On average, 25-35 young singers audition for this event each year. In the most recent competition in September 2015, the three finalists selected to perform were Kimberley Colman, Michelle McCarthy and Michael Lampard, with Michael taking the honours on the night.
The Melbourne Welsh Male Voice Choir has performed in many of the major venues in Australia including the Sydney Opera House, Hobart’s Theatre Royal and Federation Concert Hall and Geelong’s Performing Arts Centre.
In Melbourne, the choir has sung at the Hamer Hall, the Recital Centre, the National Gallery at the Arts Centre, Melbourne Town Hall, Robert Blackwood Hall, the State Library, Government House, National Tennis Centre (now the Rod Laver Arena) and the Regent theatre.
In addition the choir frequently performs in country centres from Warrnambool and Hamilton in the west through Bendigo and Moama in the north to Traralgon and Bairnsdale in the east and for many other towns and communities closer to Melbourne.
The choir has accepted invitations to perform overseas on six occasions.
In 1997 the choir was invited to compete and perform in the South African International Eisteddfod at Roodepoort, Johannesburg. The choir also sang in Durban, Cape Town and several regions of Johannesburg, and received standing ovations for its singing, empathy with the audiences, and unique repertoire which included African songs and chants which the choir had learned specifically for the trip.
On this tour the choir sang in concert with the Durban Male Choir, The South African Welsh Male Choir and the Cwmbach Choir from Wales. The choir was honoured to be the first international white choir to perform with the renowned black South African choir – Cenestra Male Choir, and has formed a lasting bond with this talented group.
Venues as diverse as a tent in Johannesburg, a boarding school hall in Durban, a Zulu kraal in the Valley of a Thousand Hills, and the Baxter Theatre in Cape Town – all resounded to the choir’s harmonies.
In 2014 the Melbourne Welsh Male Choir continued its tradition of travelling overseas to a Music festival every few years. The venue was Salzburg, Austria and the festival was the Cantus Salisburgensis.
Salzburg is a city known worldwide for its music. Wolfgang Amadeus Mozart, one of Austria’s greatest sons, was born there in 1756, and many great masters of the Classical Era lived and worked there as well. Salzburg’s orchestras and choirs carry on these great musical traditions on the stages and in the concert halls of the city today.
Our choir was invited to share in celebrating these rich musical and cultural traditions by travelling to Salzburg for the Cantus Salisburgensis 2014 music festival.
Musicians from around the world come to Salzburg each year to perform massed choral selections under the direction of Salzburg Cathedral’s Music Director, János Czifra.
The festival takes place each year in July.
In addition to singing in beautiful and historic venues such as Salzburg Cathedral, Golling Fortress and the Mozarteum, the choir was able to experience the delights of the city featured in the “Sound of Music”.
The decision to attend the Cantus Salisburger Music Festival was a brave one for the Choir, since our experience and tradition (as our audiences will know), relates to singing smaller and more varied pieces of music such as hymns, negro spirituals, songs from musical theatre and opera etc., without the use of music scores on stage.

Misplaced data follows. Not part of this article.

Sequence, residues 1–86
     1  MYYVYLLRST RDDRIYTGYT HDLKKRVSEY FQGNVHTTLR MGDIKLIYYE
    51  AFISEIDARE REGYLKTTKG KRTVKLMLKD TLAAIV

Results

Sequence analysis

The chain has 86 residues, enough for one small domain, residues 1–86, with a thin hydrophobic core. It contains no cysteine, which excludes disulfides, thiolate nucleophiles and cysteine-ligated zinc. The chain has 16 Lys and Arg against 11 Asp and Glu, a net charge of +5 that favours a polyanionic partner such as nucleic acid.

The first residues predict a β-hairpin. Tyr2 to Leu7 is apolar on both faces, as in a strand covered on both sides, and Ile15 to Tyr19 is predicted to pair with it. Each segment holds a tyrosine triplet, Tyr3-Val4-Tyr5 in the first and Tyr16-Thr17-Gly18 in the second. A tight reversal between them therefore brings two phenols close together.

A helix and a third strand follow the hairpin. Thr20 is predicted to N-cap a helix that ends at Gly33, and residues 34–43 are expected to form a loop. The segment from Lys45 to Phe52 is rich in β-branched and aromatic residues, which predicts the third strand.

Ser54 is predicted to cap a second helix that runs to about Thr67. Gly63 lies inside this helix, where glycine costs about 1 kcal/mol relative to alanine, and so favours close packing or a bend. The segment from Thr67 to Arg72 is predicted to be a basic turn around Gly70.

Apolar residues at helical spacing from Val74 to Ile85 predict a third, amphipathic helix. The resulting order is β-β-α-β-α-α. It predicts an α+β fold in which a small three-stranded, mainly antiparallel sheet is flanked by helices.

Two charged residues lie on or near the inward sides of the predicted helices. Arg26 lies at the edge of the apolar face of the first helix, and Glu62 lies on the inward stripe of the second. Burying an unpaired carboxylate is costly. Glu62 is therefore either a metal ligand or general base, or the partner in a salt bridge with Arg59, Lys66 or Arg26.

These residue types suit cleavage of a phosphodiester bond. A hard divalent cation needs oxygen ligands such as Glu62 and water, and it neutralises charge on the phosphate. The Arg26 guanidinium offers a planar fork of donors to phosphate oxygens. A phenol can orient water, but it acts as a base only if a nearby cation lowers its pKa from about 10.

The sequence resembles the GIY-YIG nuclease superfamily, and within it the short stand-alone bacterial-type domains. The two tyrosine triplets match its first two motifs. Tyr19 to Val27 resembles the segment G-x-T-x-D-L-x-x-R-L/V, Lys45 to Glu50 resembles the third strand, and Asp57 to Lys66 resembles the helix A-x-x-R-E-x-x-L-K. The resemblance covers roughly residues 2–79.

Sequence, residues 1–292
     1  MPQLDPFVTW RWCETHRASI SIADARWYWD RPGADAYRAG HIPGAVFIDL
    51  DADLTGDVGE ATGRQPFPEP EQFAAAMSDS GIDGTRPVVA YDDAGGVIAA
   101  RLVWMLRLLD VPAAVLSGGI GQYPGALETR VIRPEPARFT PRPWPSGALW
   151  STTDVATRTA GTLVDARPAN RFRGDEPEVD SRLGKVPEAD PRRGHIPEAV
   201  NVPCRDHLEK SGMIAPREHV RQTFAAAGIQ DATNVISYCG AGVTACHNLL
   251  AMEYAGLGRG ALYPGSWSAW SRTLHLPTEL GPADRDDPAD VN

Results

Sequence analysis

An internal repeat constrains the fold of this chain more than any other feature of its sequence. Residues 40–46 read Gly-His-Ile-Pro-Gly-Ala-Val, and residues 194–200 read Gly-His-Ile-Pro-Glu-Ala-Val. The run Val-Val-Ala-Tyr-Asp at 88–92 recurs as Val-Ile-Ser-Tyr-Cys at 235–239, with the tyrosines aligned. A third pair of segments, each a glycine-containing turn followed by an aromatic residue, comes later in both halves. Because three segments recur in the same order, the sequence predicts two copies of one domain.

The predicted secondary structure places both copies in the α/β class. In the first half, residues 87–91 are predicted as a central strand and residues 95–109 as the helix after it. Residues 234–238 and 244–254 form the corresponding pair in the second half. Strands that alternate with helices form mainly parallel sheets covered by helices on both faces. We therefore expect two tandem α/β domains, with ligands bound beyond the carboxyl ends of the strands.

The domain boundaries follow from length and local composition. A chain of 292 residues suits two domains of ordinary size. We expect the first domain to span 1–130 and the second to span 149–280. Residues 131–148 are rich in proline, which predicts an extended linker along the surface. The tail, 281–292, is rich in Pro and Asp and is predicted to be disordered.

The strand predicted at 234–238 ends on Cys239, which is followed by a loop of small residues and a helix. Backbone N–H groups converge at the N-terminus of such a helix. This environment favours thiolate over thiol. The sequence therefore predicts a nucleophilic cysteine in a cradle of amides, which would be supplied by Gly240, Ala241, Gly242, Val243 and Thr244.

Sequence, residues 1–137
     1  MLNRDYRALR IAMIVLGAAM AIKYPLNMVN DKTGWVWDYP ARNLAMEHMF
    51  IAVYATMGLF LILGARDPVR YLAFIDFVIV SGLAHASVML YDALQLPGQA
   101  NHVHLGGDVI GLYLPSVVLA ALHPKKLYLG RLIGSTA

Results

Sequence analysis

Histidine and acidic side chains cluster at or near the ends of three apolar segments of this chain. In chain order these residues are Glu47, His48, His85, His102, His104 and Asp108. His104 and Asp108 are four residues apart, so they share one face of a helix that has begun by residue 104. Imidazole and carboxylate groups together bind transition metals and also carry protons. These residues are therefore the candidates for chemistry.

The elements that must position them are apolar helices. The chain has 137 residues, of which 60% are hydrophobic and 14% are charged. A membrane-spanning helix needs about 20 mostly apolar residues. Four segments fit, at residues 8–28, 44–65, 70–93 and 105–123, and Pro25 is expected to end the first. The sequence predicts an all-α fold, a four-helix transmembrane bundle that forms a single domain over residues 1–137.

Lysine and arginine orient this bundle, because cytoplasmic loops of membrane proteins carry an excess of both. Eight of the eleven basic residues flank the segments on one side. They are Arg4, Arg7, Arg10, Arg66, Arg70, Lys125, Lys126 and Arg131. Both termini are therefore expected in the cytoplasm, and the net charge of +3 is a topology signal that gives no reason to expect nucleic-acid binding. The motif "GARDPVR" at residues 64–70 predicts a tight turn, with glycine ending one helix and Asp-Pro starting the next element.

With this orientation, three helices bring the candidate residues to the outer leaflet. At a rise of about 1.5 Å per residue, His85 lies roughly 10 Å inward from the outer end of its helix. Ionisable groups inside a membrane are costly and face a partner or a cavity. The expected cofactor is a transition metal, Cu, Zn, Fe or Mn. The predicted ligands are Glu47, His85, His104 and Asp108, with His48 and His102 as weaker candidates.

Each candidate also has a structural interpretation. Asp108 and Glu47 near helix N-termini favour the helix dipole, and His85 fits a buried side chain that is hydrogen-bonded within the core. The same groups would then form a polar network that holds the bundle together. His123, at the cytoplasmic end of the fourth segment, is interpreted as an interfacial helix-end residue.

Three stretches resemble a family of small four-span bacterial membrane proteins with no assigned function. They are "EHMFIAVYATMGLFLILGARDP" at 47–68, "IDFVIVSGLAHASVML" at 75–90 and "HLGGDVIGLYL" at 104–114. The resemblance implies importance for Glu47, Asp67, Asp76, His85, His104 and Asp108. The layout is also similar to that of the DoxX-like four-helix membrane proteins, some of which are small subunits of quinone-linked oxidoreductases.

Nonetheless our Music Director felt we had the ability and, with his operatic experience and support, we were able to acquit ourselves well with the three major pieces
Our choir performed the Beethoven and Handel pieces in conjunction with the artists from Wesleyan College Macon, St James Episcopal Church Georgia and the National Philharmonic Choir of Washington together with the Varner International Orchestra in the Mozarteum (Herbert von Karajan’s favourite music venue).
The following morning we embarked on the “Sound of Music Tour” bus to view, from across the man made lake, the Leopoldskron Palace where the “Sound of Music” was filmed, then on to the Gazebo in Hellbrunn and the wedding church in Mondsee – where there was an actual wedding taking place!
Following a beautiful lunch a local guide took us up a mountain path to see the beautiful Golling waterfall before we embarked on the coach for our concert at the Golling Fortress.
The concert featured the Wesleyan College girls as well as ourselves. The venue was a little cramped but the small audience thoroughly enjoyed it and called for an encore.
Sunday morning was bright and sunny showing Salzburg at its best.
Rehearsal was at 8:30 a.m. for the choir and orchestra, in the rehearsal room at the Cathedral. We then all trooped up the stairs to the organ loft of the cathedral, way above the congregation. The cathedral was completely full for the 10:00 o’clock Missa Solemnis, which went off without a hitch. The cathedral choristers were excellent and we were able to follow them in the trickier passages. It was an exhilarating experience.
Our wives and partners, on the floor of the cathedral, thought the whole choir, soloists and orchestra sounded wonderful. A final look around, then off to the farewell dinner at Salzburg Fortress perched way above the city.
The tour continued to Vienna via the beautiful Melk Abbey where the choir again sang in the organ loft to the delight of the tourists in the Abbey. Vienna saw the choir giving an informal concert at St Peter’s church, in the centre of the city and performing a’cappella on the steps of the famous Schönbrunn Palace.
A quick visit and impromptu performance at an old people’s home and it was off to Gumpoldskirchen for the final dinner at a typical Austrian Heurigen, a traditional meal and of course an “afterglow” to end a memorable tour.